24:54-67 Abraham's servant, as one that chose his work before his pleasure, was for hastening home. Lingering and loitering no way become a wise and good man who is faithful to his duty. As children ought not to marry without their parents' consent, so parents ought not to marry them without their own. Rebekah consented, not only to go, but to go at once. The goodness of Rebekah's character shows there was nothing wrong in her answer, though it be not agreeable to modern customs among us. We may hope that she had such an idea of the religion and godliness in the family she was to go to, as made her willing to forget her own people and her father's house. Her friends dismiss her with suitable attendants, and with hearty good wishes. They blessed Rebekah. When our relations are entering into a new condition, we ought by prayer to commend them to the blessing and grace of God. Isaac was well employed when he met Rebekah. He went out to take the advantage of a silent evening, and a solitary place, for meditation and prayer; those divine exercises by which we converse with God and our own hearts. Holy souls love retirement; it will do us good to be often alone, if rightly employed; and we are never less alone than when alone. Observe what an affectionate son Isaac was: it was about three years since his mother died, and yet he was not, till now, comforted. See also what an affectionate husband he was to his wife. Dutiful sons promise fair to be affectionate husbands; he that fills up his first station in life with honour, is likely to do the same in those that follow.Isaac receives his bride. He had been at Beer-lahai-roi, the scene of the interview of Hagar with the angel of the Lord - a spot calculated to awaken thoughts of an overruling Providence. "To meditate." This is a characteristic of Isaac's retiring, contemplative mood. Abraham was the active, authoritative father; Isaac was the passive, submissive son. To meditate was to hold converse with his own thoughts, to ponder on the import of that never-to-be-forgotten scene when he was laid on the altar by a father's hand, and a ram caught in the thicket became his substitute, and to pour out his soul unto the God of his salvation. In this hour of his grave reflection comes his destined bride with her faithful escort upon his view. Rebekah lights off the camel. Doubtless the conversation by the way with the elder of Abraham's house had made her aware of their approach to the residence of her future husband.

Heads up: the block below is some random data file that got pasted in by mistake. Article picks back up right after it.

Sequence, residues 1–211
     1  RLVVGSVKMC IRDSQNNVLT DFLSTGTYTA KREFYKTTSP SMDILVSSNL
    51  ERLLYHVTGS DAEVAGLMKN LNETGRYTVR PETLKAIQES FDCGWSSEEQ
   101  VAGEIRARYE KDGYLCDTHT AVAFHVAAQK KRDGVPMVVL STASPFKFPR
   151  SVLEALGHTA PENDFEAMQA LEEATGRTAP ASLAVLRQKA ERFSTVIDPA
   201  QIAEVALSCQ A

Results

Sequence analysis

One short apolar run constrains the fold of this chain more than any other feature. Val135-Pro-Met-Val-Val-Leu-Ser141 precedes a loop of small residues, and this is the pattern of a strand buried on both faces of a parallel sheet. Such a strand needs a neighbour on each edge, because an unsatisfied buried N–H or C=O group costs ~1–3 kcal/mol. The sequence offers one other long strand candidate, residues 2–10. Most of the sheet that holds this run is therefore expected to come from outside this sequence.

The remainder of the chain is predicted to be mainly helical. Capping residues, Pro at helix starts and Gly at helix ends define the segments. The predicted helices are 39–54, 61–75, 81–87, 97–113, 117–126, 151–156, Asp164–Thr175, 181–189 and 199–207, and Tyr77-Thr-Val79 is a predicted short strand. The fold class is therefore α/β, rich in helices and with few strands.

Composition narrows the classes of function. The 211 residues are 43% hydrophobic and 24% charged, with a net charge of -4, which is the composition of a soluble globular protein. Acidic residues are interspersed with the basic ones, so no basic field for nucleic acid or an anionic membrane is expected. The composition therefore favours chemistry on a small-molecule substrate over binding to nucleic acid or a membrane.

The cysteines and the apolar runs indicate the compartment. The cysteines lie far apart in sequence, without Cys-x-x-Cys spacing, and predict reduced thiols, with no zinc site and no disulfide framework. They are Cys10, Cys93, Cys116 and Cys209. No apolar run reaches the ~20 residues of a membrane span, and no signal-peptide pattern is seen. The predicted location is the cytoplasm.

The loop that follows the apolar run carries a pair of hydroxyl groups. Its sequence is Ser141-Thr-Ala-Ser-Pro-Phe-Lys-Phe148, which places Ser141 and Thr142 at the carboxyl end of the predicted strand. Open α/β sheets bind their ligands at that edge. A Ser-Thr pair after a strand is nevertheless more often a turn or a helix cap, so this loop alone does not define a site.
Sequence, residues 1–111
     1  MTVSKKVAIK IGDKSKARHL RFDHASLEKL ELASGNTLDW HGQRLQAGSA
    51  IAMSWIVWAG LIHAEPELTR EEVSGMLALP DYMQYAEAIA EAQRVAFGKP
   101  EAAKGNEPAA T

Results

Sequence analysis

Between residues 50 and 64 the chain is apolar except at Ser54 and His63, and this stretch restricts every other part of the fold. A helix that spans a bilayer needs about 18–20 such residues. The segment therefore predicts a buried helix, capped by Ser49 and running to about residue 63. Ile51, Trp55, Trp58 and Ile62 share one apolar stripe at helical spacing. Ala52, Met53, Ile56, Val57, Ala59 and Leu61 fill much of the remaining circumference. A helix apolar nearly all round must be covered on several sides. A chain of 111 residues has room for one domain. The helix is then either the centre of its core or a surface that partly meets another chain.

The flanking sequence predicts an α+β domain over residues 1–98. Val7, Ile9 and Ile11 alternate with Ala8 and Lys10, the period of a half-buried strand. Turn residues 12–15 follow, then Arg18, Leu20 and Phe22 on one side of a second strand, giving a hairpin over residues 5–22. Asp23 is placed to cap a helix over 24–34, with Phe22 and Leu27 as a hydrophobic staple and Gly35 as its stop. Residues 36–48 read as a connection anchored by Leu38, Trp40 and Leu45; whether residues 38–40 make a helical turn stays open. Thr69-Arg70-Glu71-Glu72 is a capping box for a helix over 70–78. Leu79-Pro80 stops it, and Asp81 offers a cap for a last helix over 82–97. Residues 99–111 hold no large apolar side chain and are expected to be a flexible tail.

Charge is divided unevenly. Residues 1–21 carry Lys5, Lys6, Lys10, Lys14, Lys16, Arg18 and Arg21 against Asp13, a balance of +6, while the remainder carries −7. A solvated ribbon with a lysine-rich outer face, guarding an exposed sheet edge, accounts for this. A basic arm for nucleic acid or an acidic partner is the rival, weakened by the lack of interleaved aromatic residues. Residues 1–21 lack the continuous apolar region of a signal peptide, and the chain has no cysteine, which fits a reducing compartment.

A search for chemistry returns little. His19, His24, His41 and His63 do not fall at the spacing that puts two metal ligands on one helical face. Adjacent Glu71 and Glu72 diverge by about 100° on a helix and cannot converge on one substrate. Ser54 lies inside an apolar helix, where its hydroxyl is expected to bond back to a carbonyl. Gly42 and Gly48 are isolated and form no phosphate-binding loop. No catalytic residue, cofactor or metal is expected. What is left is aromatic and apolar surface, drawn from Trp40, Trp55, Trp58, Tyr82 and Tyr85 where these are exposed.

She concludes at once that this must be he, and, alighting, asks if it be. On being informed by the servant that this is his young master, she puts on the veil, which covers the head, and hangs down gracefully both behind and before. The aged servant reports the success of his mission, and presents Rebekah. Isaac brings his cousin's daughter into the apartments formerly occupied by his mother, and accepts her as his wife. The formalities of the interview, and of her presentation to Abraham as his daughter-in-law, are all untold. "And he loved her." This is the first mention of the social affections. It comes in probably because Isaac had not before seen his bride, and now felt his heart drawn toward her, when she was presented to his view. All things were evidently done in the fear of God, as became those who were to be the progenitors of the seed of promise. We have here a description of the primeval marriage. It is a simple taking of a woman for a wife before all witnesses, and with suitable feelings and expression of reverence toward God, and of desire for his blessing. It is a pure and holy relation, reaching back into the realms of innocence, and fit to be the emblem of the humble, confiding, affectionate union between the Lord and his people.